Virginia Coast Reserve LTER – John Porter

We’ve completed a slimmed-down, priority-driven field season at the VCR/LTER. We were able to complete our core sampling with trimmed-down research teams and a field station capacity reduced from 25 to 4 people at a time and boats limited to 2 researchers at a time. Needless to say, we’ve kept Zoom busy as well! Our old wireless ISP went out of business, so we now have fiber running directly to our lab. 

On the IM-side we’ve had the usual business of ingesting researcher datasets and building on existing long-term datasets. Fortunately, many of our sensor systems are connected via our wireless network, so data from our flux tower, meteorological and tide stations have been largely uninterrupted. Everyone has been working primarily from home. As one colleague put it “I’m not working at home, I’m living at work!”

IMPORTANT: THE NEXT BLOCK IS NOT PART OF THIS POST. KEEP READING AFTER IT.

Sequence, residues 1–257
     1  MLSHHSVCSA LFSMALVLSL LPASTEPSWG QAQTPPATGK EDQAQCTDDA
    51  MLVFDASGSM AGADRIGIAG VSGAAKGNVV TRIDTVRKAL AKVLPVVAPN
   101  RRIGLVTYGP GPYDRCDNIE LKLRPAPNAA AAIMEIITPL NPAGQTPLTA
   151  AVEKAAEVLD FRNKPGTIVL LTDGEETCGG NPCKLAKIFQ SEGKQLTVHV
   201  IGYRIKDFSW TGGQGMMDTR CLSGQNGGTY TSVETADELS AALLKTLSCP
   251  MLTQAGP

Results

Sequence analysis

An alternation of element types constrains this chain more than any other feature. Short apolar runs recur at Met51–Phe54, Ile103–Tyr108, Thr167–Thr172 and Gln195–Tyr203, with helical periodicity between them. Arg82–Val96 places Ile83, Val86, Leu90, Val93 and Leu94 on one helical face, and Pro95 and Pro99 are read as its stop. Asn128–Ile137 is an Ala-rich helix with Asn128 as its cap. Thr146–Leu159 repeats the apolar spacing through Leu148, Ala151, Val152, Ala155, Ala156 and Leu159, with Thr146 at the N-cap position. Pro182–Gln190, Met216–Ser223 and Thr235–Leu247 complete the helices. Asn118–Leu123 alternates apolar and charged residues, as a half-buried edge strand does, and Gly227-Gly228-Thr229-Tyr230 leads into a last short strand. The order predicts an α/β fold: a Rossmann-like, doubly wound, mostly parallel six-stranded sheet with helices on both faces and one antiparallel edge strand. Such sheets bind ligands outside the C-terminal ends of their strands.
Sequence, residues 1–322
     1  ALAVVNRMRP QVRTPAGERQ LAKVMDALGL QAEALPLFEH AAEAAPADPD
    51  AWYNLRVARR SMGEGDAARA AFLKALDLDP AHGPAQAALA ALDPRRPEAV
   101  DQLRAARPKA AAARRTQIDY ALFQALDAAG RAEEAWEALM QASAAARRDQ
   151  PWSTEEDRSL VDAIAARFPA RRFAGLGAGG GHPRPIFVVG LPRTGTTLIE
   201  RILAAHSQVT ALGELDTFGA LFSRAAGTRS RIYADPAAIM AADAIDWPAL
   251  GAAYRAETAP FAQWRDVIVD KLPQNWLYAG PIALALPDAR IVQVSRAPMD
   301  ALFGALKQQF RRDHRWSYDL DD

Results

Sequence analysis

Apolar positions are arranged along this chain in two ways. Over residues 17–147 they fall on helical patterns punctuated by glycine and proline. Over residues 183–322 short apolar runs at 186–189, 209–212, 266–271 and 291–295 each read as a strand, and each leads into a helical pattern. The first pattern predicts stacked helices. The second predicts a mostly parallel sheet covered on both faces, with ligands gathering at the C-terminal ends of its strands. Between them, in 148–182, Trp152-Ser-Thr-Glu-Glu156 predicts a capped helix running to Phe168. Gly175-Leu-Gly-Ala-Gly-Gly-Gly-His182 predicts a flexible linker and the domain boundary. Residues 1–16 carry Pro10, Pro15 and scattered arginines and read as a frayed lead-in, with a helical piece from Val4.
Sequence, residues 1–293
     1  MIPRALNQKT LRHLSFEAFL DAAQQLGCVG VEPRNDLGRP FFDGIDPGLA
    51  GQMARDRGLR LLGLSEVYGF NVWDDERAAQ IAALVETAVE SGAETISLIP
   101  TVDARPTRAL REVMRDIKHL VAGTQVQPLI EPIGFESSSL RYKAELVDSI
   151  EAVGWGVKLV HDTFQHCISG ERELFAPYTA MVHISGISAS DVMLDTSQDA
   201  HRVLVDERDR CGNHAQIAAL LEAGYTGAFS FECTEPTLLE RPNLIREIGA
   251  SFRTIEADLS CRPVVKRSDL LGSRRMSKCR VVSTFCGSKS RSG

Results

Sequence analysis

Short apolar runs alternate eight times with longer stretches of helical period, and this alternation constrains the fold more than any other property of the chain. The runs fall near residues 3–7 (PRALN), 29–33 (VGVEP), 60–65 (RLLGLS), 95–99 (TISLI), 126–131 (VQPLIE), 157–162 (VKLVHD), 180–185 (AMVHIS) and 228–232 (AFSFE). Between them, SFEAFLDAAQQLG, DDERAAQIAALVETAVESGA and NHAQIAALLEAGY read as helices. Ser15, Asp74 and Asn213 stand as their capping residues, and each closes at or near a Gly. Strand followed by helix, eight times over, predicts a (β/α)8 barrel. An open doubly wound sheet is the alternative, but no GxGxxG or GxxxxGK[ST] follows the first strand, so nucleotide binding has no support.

We’ve been busy updating our Linux servers from Ubuntu 18.04 LTS to Ubuntu 20.04 LTS.  As always, there are a few glitches, as the behavior of newer software changes, but so far, we’ve been able to remedy them rapidly.  We continue to use WordPress for our websites and have had no problems with it during the upgrades.  

UVA has been very active in working on diversity, equity and inclusion issues at all levels, with policy revisions and training activities at the University, School and Department, and Field Station levels.  VCR investigator Matt Reidenbach has been playing a leading role in departmental efforts. For the field station, we’re revising online reservation forms to better support gender diversity, but that remains a work in progress.